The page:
For all the optimistic hype some are now warning that Apple's September 1 event next week may not deliver quite what we're expecting, and that the all-new iTunes won't be quite so focused on streaming, but might have a strong social focus.
Peter Kafka of Media Memo spoke with music industry sources who claim Apple hasn't yet reached deals to stream content to users. However, they did say they expected iTunes to get an overhaul, with social features added to the service, which will itself become a lightweight Web-based service.
"Apple plays its cards close to the vest even with the music labels it works with, so the people I've talked to are making informed guesses," Kafka said.
The writer's sources are expecting a lightweight, Web-based version of the iTunes Store, designed in order that users can easily share their musical tastes with others.
The Web-based iTunes Store will sell music and other content along with easier Twitter and Facebook integration.
There is also some talk of wireless sync finally making an appearance for users of Apple devices.
Apple CEO, Steve Jobs, suggested wireless iPhone sync will reach us "someday" in one of his fusilade of email exchanges in which he engaged this summer.
Expectation that Apple will introduce a new version of the Apple TV (called iTV) and 99-cent TV show rentals should be tempered by the appearance of the invitation to the company's special event next week.
The invitation (pictured below) shows a guitar with an Apple logo-shaped hole at the center.
This doesn't suggest television to me, and in terms of music hints a focus at music creation.
Could all the chatter on Apple's music and television in the cloud plans be accurate, but mistimed?
Is Apple's special event next week going to focus on new iPods, some iTunes updates, iOS 4.0 for the iPad and new, cloud-based releases of iWork and iLife, rather than video. Will Apple TV feature at all?
After all, the guitar in the invite reminds me very strongly of GarageBand, it doesn't resonate much with television.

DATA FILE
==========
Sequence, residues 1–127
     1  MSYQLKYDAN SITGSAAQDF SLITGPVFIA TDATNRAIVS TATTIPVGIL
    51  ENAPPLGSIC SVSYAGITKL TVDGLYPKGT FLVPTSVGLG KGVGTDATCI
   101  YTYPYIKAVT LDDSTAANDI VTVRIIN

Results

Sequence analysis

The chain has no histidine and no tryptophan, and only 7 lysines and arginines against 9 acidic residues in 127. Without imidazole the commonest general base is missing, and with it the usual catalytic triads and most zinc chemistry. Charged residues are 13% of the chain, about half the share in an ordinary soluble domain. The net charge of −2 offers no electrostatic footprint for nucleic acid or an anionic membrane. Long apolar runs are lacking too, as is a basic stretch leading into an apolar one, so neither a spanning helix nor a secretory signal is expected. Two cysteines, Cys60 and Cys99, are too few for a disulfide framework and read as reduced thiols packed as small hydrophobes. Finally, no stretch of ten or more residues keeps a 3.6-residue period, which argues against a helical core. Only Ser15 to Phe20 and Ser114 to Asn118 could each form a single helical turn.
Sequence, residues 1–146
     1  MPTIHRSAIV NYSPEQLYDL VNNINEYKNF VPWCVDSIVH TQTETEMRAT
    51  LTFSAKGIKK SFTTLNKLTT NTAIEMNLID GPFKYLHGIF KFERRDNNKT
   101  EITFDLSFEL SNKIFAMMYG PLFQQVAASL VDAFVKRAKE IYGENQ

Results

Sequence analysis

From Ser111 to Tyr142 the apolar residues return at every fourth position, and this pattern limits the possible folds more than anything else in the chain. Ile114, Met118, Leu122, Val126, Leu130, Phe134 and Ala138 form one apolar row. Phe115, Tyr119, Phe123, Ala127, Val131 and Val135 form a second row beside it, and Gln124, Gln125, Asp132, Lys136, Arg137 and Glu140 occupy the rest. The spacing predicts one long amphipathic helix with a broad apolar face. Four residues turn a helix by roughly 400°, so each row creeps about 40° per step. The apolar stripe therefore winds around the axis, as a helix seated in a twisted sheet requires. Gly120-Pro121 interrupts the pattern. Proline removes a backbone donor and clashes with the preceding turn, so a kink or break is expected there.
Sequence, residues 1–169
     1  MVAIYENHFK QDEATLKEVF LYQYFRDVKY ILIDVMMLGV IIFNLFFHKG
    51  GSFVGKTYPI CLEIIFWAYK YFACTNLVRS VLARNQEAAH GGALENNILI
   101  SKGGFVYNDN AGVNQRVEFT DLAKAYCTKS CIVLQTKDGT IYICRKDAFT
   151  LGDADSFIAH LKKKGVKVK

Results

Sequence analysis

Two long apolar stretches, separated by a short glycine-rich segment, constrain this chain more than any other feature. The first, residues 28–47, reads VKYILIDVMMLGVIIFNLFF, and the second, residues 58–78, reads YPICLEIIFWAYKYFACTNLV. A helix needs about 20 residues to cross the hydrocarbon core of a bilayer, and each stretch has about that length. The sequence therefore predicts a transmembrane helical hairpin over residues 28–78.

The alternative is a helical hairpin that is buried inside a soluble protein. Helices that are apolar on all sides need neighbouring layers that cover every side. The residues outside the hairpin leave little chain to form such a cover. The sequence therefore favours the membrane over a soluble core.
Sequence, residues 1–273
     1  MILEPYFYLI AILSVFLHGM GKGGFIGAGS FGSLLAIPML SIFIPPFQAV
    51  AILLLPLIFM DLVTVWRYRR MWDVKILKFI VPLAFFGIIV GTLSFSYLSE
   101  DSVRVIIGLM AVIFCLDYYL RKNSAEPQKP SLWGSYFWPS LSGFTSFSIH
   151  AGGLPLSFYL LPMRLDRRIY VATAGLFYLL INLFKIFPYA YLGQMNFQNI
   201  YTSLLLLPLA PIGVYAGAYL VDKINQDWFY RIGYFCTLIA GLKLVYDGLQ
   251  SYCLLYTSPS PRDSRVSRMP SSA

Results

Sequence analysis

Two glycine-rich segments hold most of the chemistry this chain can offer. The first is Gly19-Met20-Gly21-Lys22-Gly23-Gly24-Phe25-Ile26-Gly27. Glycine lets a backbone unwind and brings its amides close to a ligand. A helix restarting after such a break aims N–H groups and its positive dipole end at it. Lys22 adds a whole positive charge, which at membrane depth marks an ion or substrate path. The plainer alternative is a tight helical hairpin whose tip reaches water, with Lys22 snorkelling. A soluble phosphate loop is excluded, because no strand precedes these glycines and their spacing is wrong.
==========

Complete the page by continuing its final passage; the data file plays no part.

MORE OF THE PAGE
Look to a follow-up report on Bloomberg yesterday. In that report, Bloomberg's Peter Burrows wrote,
"Even with the refresh, [Steve] Jobs isn't convinced the new version will be a mainstream hit, says the person familiar with Apple's plans."
He suggests the Apple TV will not be the star of the show, and that instead we can look forward to some interesting stories for iTunes.
That something is going on is clear. The invitation to Apple's special event underlines the importance of this, while the invitation received by European media to a simultaneous satellite screening of the Apple event lends further weight to expectation of big news.
Apple is also rumored to have hired new staff who are undergoing intensive training to help the company lay the ground for a "very big new product".
While some industry watchers warn that Apple may not focus on Apple TV next week, Piper Jaffray analyst, Gene Munster said he expects updates to iTunes, the Apple TV and the iPod touch.
Munster isn't certain we should anticipate apps support on the Apple TV (though he thinks it does make sense). He also warns that Apple may announce the new lightweight iTunes service, but not actually release it until later this year.
Another analyst, Brian Marshall (Gleacher & Co.) tells us that the emphasis will be on the iPod, particularly the iPod touch, with some minor announcements about iTunes and Apple TV.
"It'll be about the iPod," he told Computerworld. "Apple TV, that's still chugging along. They will likely introduce [an Apple TV] in a sleeker case with more storage, but that's not going to be a big deal."
Television remains an attractive-seeming battle ground.
According to AC Nielsen, Americans consume about four hours of television per day. If Apple charges one dollar per show, then its service will be too expensive to really impact against cable and satellite services.
Marshall doesn't expect Apple to introduce its new video products until next year, remarking that the North Carolina data center isn't yet ready for the task.